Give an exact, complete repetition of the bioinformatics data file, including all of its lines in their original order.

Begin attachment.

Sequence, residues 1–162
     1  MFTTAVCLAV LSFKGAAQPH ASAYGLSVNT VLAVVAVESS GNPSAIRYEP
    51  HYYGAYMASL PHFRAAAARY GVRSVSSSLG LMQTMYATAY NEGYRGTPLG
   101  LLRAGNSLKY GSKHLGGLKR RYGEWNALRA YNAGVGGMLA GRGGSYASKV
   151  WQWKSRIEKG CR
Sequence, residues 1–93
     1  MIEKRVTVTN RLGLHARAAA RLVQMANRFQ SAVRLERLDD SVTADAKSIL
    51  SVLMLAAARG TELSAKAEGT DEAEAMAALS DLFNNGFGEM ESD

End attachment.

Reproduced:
Sequence, residues 1–162
     1  MFTTAVCLAV LSFKGAAQPH ASAYGLSVNT VLAVVAVESS GNPSAIRYEP
    51  HYYGAYMASL PHFRAAAARY GVRSVSSSLG LMQTMYATAY NEGYRGTPLG
   101  LLRAGNSLKY GSKHLGGLKR RYGEWNALRA YNAGVGGMLA GRGGSYASKV
   151  WQWKSRIEKG CR
Sequence, residues 1–93
     1  MIEKRVTVTN RLGLHARAAA RLVQMANRFQ SAVRLERLDD SVTADAKSIL
    51  SVLMLAAARG TELSAKAEGT DEAEAMAALS DLFNNGFGEM ESD